Anthrax screening refers to the practice of testing people for the disease who may have been exposed to Bacillus anthracis, even though they have no anthrax symptoms. Nasal swab tests are not typically recommended for anthrax screening. At this point, an effective anthrax screening test has not yet been developed.
Anthrax screening is the practice of testing people who may have been exposed to anthrax for the disease, even though they exhibit no symptoms. At this point, a routine, effective anthrax screening test has not yet been developed. The only way an exposure can be determined is through a public health investigation.
Nasal swabs and environmental tests are not tests to determine whether an individual should begin anthrax treatment. These kinds of tests are used only to determine the extent of exposure in a given building or workplace.
A nasal swab test involves placing a swab inside the nostrils and taking a culture. The Center for Disease Control and Prevention (CDC) and the US Department of Health and Human Services do not recommend the use of nasal swab testing to determine whether a person has been exposed to anthrax bacteria (Bacillus anthracis) or as a means of diagnosing anthrax. At best, a positive result may be interpreted only to indicate exposure; a negative result does not exclude the possibility of exposure. Also, the presence of spores in the nose does not mean that the person has inhalation anthrax. The nose naturally filters out many things that a person breathes, which can include bacterial spores. To have inhalation anthrax, a person must have the bacteria deep in the lungs, and also have symptoms of the disease.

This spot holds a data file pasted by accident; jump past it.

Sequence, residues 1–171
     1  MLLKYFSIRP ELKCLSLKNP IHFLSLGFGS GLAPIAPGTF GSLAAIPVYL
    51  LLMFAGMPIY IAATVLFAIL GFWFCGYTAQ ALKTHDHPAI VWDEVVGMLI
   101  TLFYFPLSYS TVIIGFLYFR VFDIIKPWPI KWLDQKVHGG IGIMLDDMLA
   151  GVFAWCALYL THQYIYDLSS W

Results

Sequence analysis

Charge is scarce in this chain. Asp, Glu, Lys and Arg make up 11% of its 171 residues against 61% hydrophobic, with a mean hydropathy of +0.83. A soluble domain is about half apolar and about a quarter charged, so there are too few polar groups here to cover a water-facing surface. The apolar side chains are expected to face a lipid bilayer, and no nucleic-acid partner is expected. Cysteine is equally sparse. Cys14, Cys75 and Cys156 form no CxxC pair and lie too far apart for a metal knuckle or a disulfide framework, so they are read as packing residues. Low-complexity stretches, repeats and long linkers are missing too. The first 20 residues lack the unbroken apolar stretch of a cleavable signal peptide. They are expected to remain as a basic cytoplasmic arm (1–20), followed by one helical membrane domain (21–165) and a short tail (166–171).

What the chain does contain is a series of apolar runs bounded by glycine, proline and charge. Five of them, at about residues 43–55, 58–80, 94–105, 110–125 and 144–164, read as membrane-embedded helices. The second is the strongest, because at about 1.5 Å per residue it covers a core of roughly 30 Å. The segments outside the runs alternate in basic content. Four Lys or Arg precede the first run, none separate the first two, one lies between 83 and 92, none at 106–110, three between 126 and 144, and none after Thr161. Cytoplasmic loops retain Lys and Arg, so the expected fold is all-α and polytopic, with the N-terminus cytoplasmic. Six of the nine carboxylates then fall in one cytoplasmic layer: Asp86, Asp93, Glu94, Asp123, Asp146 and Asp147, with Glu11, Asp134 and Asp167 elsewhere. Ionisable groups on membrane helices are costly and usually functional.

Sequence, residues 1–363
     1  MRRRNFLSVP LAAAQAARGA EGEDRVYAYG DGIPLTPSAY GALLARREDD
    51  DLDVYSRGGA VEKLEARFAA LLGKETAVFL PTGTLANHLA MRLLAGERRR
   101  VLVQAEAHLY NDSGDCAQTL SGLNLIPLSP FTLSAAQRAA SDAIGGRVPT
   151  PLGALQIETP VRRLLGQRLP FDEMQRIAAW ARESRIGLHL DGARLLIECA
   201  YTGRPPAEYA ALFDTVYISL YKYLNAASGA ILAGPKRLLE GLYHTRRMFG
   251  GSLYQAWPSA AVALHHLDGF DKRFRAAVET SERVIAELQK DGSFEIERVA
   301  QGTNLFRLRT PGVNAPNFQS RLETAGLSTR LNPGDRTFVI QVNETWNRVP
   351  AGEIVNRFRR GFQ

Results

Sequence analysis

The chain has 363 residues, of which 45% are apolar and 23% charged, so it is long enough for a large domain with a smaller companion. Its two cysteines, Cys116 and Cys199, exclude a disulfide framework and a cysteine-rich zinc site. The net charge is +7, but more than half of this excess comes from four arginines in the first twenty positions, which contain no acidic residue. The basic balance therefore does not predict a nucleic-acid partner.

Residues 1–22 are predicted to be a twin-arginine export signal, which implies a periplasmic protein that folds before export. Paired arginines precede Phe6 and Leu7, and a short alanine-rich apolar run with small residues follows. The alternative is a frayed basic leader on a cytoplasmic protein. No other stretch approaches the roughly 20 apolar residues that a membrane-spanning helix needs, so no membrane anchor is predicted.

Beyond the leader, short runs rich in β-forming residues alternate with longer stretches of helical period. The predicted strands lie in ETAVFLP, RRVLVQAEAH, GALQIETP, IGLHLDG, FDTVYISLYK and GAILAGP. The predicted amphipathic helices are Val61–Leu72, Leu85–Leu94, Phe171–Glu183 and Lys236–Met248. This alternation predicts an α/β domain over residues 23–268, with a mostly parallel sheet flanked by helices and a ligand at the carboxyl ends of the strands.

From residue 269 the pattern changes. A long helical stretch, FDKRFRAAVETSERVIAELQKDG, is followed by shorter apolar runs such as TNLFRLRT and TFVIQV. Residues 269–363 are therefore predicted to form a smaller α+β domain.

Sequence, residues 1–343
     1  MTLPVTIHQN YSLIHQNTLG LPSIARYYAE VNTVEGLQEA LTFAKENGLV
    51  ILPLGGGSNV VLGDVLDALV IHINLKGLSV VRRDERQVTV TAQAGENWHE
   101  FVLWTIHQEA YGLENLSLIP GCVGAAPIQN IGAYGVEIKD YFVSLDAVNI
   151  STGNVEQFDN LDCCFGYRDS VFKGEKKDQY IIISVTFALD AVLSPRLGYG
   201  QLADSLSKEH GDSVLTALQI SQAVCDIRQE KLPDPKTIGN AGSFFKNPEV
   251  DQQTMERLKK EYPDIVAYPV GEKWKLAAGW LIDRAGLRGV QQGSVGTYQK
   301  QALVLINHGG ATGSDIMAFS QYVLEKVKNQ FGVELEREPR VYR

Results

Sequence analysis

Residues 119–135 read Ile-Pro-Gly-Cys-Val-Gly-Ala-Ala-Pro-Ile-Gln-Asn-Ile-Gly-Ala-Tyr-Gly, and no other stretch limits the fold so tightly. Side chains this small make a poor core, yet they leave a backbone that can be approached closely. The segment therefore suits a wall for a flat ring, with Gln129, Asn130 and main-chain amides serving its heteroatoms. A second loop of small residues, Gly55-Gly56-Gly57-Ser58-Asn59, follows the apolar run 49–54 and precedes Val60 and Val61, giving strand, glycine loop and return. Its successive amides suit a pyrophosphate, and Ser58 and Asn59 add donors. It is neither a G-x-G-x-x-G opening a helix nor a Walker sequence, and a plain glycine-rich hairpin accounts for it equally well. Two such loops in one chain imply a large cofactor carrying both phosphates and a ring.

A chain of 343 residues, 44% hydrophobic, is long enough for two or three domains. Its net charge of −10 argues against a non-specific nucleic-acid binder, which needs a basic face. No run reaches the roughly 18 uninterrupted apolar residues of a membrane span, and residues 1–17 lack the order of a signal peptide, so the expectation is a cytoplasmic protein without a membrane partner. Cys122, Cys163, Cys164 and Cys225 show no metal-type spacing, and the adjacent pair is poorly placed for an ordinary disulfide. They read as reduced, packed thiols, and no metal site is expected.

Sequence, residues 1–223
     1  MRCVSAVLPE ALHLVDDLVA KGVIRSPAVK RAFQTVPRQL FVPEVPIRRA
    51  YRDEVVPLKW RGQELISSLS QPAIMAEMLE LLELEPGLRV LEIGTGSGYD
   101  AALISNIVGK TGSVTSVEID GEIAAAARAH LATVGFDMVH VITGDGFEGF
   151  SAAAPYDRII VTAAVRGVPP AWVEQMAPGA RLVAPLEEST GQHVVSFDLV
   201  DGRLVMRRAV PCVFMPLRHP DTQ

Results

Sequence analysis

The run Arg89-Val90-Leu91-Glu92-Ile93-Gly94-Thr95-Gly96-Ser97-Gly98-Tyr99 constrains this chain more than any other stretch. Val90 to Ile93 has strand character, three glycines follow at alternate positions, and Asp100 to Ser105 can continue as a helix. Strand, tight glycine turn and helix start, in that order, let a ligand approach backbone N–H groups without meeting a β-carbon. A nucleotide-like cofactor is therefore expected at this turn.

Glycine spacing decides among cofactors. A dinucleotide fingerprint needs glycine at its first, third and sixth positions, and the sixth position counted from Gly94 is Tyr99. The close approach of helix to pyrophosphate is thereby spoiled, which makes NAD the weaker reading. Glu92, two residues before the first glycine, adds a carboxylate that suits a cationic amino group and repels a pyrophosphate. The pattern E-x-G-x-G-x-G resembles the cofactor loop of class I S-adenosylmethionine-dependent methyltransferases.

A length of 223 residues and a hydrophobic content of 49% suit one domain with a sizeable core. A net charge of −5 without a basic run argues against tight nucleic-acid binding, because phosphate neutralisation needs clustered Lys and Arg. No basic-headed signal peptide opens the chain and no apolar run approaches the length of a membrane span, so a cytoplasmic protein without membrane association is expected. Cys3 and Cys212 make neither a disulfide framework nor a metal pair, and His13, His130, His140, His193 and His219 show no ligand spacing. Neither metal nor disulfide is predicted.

Another reason that nasal swabs are not recommended is that most hospital laboratories cannot fully identify anthrax spores from nasal swabs. They are only able to tell that bacteria which resemble anthrax bacteria are present.